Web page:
On March 26, 2021, Tower of Power release 50 Years of Funk & Soul: Live at the Fox Theater, recorded on their home turf - Oakland, California - in 2018. Following Emilio's list is a Q&A where he names his favorite horn licks by other artists and talks about how they got through their dry period to carry on their remarkable run.
1. "Everybody's Everything" by Santana (1971)
album: Santana IIIThis is the second session outside of ToP that we did (the first was Big Brother And The Holding Company, "Funkie Jim"). By this time Greg Adams had joined the band and, although we were still doing head charts, meaning "making up parts on the fly," you can start to hear the change in the horn voicings.
I think the rhythmic horns on the verses really made the song bounce, since Santana was such a rhythmic band. You can tell how excited Santana was by how loud the horns are in the mix. Carlos had called us in the middle of the night saying, "We recorded this song and we think it would sound good with your horns on it. Would you guys come over to the studio?"
We were all hanging out partying and thought that would be a lot of fun, so we drove right over and quickly made up some parts. It was mixed and released within one week and everyone was marveling that Santana had these cool horns on his new single. All the DJs were saying, "That's Santana's new single with Tower of Power horns!!!"
The sessions started rolling in after that. We did a lot of recording with Santana over the next few years and played live with him as well, but "Everybody's Everything" is the song people always remember about our collaborations with Carlos.
2. "Stinker" by Elton John (1974)
album: CaribouElton John's Caribou in 1974 featured Tower of Power Horns prominently on several tracks. Everybody always talks about "The Bitch Is Back" because it was a big hit and you could really hear the horns on the ride-out answering Elton yelling "Bitch" (Pow!) "Bitch" (Pow!) with those horn section falls, but the song that really shows off the horns is a song called "Stinker."
By this time Greg Adams had come into his own as the Tower of Power horn arranger and "Stinker" showed off his talents spectacularly. The opening horn riff totally stands out in the mix but does NOT get in the way of Elton and his band. That became a signature for ToP horns: The arrangements never got in the way. We had perfected the "less is more" concept and that allowed the artists to mix us high up in the mix without taking over the song.
There's a horn riff just before the second guitar solo where we do unison falls on all four beats going up the chord and then a big fall on the first beat of that solo. That became a sort of Tower horns signature. We've used that riff many times over the years with lots of famous artists and people always know that it's Tower of Power horns.
We had been playing the Roxy at night during these sessions and Elton's producer, Gus Dudgeon, came to see us and wound up asking our fabulous organist, Chester Thompson, to play on "Stinker" as well. After that Elton came to see us in London and we wound up using his quote from a Creem magazine article he had done where he stated, "Tower of Power horns not only play great but they look great as well!" We put that quote in a nice glossy booklet and mailed them out to everyone in the music industry and got a lot of sessions because of that.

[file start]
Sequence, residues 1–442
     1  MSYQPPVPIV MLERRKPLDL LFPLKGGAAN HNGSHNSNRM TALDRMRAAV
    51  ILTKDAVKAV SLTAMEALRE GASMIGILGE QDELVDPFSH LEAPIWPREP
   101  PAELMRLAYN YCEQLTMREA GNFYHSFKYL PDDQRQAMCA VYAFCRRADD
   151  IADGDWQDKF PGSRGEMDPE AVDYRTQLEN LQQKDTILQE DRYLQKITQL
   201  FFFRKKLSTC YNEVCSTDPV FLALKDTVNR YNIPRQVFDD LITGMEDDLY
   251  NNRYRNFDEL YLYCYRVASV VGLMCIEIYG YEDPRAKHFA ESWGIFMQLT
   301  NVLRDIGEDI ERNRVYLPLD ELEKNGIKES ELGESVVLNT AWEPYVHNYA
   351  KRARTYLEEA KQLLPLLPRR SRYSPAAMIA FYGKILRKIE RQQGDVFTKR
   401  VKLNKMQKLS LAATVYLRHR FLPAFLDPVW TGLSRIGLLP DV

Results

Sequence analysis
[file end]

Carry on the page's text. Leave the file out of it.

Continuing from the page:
3. "Spanish Moon" by Little Feat (1974)
album: Feats Don't Fail Me Now"Spanish Moon" was the first song we ever recorded with one of my favorite groups, Little Feat, in 1974. They were on the same label as us and I'd heard of them but had no idea what they sounded like. We walked into the session and met the producer, Van Dyke Parks, who was an extremely esoteric cat. One of the first things he said to us was: "I want the horns on this track to sound the way it does when the cow pie hits the side of the barn." We just looked at him in amazement and said, "No problem."
He played us the track and I heard Lowell George singing for the first time along with that slow funk groove and it was mesmerizing. We were all immediately captivated by The Feats.
In my opinion, the horn arrangement really took the track to another level. The introductory riff is priceless in that it sets the vibe for the whole song before you even hear the first verse and from there it just gets better and better with all these sneaky-sounding horn riffs appearing throughout the track. We wound up sitting in at live gigs with them later on and "Spanish Moon" always brought the house down. ToP Horns played on several Little Feat albums but "Spanish Moon" was always my favorite track.
I should mention though that the most famous album we ever did with The Feats was Waiting For Columbus, which was a live recording done in London. We were prominently featured on the whole recording, but "Mercenary Territory," to me, was the highlight. The tenor solo by Lenny Pickett, playing off of Lowell George's searing guitar is completely off the chart!
4. "Doing It All For My Baby" by Huey Lewis And The News (1986)
album: Fore!In the early '80s we met Huey Lewis and started a long recording and touring relationship with his band The News. We played on several of their albums and toured live with them extensively from 1982 till 1989. As was the case with Little Feat, we saw eye to eye with them musically on every level: great musicianship, songwriting, vocalizing, and super-exciting live performance. The horns fit in perfectly with them and it was some serious fun making music together.
We recorded a lot of great songs with Huey but the one that really stands out to me, horn-wise, is "Doing It All For My Baby." The song was written by Mike Duke, who also wrote "Hope You Love Me Like You Say You Do" for them and was the first song we'd ever recorded with them. Mike's songs are super soulful and Huey and the guys were tailor-made to make them hits.
We recorded this song in 1986 and by then we had really become an integral part of their sound. Once again the introductory horn riff is the perfect intro to this soul shuffle and the horns go in and out without ever once getting in the way while still remaining at the forefront. At the tail end of the song, our baritone sax player, Doc Kupka, starts playing these great low scoops that take the song out with a special flair. It's ToP Horns at their best.